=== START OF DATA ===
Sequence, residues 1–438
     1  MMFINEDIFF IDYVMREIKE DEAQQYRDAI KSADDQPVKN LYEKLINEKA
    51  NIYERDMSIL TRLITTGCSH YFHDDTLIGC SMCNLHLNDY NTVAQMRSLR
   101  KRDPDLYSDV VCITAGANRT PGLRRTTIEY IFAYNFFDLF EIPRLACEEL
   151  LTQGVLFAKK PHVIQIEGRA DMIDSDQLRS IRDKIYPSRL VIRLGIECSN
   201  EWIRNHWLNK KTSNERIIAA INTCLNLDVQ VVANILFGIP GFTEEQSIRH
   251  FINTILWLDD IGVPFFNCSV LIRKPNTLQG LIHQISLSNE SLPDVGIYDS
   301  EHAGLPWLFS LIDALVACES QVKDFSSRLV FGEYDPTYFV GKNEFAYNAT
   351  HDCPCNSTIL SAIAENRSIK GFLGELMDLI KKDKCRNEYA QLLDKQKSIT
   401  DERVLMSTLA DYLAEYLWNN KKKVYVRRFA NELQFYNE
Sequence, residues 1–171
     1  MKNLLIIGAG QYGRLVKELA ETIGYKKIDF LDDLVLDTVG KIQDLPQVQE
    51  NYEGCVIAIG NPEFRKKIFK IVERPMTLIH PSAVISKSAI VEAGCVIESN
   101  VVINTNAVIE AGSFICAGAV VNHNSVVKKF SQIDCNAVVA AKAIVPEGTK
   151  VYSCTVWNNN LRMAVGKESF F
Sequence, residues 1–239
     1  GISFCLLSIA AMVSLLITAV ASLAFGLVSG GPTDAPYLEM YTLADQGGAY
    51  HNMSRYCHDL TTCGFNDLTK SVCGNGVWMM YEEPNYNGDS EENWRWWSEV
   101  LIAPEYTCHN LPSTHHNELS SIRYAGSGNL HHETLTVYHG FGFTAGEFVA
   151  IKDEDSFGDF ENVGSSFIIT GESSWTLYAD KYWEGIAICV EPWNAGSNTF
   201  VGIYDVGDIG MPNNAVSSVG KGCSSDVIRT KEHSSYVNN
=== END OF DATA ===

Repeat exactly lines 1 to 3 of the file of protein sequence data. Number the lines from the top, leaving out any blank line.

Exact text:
Sequence, residues 1–438
     1  MMFINEDIFF IDYVMREIKE DEAQQYRDAI KSADDQPVKN LYEKLINEKA
    51  NIYERDMSIL TRLITTGCSH YFHDDTLIGC SMCNLHLNDY NTVAQMRSLR